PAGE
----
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“CultureScape” might have something to do with culture, landscape, or space. From the show’s tedious press release, it’s unclear—the description is stuffed with as many buzzwords as a Whitney Biennial wall text. To put it simply, “CultureScape,” curated by Isabel Manalo, contains the evocative work of five women artists. Elise Richman’s small paintings pop with stalagmites of multicolored paint that suggest topographical island views or maps of desertification or population density. The spaces in Bridget Sue Lambert’s voyeuristic, invasive photographs are so cluttered and copiously detailed, it takes a minute to realize that they portray only dollhouses—and sometimes, the dolls are caught copulating. Lisa Blas’ understated work is dominated by Matisse-like collages on music paper, but her “Autosculptures” are the most engaging; while they appear to be little more than scans of crumpled paper, their simple forms posses the grace of origami without the need of swans.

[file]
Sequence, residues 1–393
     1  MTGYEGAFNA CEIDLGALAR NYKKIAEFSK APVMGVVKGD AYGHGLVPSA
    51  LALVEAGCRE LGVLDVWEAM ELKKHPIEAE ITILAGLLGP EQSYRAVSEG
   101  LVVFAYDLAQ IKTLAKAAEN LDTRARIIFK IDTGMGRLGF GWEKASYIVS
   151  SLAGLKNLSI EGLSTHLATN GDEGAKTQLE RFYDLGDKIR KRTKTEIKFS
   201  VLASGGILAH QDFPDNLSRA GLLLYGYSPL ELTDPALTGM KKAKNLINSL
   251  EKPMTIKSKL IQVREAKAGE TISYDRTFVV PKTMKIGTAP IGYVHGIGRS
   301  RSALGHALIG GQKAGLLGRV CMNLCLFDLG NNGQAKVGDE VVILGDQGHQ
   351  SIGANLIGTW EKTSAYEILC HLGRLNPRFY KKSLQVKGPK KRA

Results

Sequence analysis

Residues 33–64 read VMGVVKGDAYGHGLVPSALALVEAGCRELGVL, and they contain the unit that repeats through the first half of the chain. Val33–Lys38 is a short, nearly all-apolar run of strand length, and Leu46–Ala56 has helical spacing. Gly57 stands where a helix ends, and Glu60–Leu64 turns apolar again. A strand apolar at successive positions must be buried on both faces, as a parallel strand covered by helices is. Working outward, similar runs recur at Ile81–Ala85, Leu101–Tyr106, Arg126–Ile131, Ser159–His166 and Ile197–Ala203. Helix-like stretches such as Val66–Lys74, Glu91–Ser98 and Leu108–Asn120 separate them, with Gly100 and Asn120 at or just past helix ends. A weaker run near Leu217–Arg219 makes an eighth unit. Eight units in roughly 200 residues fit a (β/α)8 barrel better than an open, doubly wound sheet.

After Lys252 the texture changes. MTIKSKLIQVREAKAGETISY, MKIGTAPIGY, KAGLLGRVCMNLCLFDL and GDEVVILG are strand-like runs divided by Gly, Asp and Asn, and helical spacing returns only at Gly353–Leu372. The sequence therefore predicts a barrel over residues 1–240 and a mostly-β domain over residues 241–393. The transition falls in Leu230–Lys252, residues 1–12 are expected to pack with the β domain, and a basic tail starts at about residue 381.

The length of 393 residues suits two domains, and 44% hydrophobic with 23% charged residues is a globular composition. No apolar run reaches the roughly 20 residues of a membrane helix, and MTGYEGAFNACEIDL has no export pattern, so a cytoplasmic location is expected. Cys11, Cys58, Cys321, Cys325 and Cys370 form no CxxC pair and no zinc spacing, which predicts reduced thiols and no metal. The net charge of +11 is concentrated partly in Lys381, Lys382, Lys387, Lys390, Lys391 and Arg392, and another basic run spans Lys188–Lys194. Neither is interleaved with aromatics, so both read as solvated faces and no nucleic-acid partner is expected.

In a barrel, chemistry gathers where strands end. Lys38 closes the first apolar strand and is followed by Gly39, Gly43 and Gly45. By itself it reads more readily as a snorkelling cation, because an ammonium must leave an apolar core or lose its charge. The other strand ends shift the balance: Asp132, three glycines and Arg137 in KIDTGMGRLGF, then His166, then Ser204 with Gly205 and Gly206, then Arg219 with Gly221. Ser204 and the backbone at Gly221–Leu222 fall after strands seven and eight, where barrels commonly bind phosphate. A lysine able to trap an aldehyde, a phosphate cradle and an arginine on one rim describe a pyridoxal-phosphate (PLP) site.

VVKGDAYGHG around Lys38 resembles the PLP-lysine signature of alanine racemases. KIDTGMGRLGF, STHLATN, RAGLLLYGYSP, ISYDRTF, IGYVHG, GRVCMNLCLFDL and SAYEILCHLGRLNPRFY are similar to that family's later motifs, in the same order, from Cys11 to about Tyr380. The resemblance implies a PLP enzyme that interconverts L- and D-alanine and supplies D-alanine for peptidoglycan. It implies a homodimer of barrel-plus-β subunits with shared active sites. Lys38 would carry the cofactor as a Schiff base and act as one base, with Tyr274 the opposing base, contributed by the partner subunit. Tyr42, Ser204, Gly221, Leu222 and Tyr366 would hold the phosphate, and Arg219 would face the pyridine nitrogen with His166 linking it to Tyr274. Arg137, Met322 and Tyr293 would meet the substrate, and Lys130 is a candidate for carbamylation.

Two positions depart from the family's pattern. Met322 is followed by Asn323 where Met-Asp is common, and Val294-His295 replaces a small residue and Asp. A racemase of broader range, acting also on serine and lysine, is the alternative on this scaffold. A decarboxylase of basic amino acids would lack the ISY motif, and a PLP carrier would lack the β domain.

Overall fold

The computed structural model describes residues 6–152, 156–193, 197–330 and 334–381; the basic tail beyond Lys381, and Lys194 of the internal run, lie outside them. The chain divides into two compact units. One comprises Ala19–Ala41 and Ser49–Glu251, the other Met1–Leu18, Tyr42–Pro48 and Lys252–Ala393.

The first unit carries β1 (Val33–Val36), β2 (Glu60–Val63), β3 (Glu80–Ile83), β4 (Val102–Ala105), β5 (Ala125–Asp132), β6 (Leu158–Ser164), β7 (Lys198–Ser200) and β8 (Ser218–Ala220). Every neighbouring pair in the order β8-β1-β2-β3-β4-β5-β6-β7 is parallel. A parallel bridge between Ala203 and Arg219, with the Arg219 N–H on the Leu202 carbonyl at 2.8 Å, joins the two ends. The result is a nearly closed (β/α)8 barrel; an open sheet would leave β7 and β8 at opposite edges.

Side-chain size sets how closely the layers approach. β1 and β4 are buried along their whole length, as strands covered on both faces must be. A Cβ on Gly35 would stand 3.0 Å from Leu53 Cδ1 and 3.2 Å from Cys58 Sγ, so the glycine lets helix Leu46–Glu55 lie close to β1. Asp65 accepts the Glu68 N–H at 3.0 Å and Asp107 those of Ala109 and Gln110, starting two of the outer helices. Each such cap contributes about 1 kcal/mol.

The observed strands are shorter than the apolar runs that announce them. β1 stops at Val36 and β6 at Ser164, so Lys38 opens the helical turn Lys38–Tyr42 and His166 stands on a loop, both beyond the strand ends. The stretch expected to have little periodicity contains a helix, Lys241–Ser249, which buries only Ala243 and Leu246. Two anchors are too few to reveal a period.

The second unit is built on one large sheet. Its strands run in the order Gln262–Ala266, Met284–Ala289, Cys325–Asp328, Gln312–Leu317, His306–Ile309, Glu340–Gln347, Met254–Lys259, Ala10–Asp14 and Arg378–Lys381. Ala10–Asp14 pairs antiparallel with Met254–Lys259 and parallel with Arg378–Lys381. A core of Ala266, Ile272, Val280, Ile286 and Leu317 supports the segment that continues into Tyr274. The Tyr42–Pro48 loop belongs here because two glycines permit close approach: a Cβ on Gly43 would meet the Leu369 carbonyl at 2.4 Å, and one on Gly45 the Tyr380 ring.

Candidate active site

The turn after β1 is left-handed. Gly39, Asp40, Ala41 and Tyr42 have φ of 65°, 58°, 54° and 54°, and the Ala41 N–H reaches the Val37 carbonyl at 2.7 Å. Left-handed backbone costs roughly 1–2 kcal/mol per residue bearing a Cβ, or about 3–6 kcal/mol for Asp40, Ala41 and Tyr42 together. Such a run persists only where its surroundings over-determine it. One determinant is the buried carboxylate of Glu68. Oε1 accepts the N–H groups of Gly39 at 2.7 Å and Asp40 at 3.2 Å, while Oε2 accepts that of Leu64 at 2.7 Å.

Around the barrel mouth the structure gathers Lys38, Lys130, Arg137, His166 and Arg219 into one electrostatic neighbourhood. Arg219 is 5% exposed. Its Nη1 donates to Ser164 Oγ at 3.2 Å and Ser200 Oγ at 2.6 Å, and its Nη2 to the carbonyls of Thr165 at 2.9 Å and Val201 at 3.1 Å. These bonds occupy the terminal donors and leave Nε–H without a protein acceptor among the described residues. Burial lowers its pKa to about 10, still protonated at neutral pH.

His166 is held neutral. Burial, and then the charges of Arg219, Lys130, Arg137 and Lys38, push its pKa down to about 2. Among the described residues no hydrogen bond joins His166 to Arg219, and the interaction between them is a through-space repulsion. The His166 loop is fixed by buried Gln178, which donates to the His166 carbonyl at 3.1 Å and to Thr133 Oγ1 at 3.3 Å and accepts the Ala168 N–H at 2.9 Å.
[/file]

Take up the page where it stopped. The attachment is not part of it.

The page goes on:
The exhibition is on view 11 a.m. to 6 p.m. Tuesdays to Saturdays to July 30 at Addison/Ripley Fine Art, 1670 Wisconsin Ave. NW. Free.